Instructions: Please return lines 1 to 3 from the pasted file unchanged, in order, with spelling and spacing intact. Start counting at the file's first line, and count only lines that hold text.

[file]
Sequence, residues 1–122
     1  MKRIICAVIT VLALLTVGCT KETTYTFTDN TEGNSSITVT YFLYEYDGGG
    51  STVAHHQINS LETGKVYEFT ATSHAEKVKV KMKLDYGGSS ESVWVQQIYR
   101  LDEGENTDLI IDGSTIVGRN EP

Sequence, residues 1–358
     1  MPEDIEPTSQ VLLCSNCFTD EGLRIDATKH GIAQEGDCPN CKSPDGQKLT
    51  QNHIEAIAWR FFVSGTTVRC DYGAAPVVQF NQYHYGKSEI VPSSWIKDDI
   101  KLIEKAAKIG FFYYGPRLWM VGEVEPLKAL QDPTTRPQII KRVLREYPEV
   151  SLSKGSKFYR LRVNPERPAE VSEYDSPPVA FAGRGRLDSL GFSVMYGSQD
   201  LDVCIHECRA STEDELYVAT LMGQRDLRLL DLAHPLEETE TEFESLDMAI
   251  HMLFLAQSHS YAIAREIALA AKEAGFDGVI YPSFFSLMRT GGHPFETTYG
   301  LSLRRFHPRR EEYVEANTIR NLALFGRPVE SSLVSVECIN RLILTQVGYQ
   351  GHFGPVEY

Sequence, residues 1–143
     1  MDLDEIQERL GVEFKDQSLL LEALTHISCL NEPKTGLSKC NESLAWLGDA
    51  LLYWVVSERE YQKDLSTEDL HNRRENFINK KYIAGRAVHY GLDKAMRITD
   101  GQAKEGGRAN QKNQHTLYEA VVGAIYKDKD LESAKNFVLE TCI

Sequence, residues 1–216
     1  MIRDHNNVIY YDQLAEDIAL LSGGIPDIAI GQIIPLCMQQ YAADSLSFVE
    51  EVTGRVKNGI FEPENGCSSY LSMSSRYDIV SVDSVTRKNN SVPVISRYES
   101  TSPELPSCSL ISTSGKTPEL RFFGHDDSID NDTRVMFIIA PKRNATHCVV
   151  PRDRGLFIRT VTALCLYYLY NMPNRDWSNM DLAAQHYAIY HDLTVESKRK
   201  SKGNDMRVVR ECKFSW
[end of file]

Sequence, residues 1–122
     1  MKRIICAVIT VLALLTVGCT KETTYTFTDN TEGNSSITVT YFLYEYDGGG
    51  STVAHHQINS LETGKVYEFT ATSHAEKVKV KMKLDYGGSS ESVWVQQIYR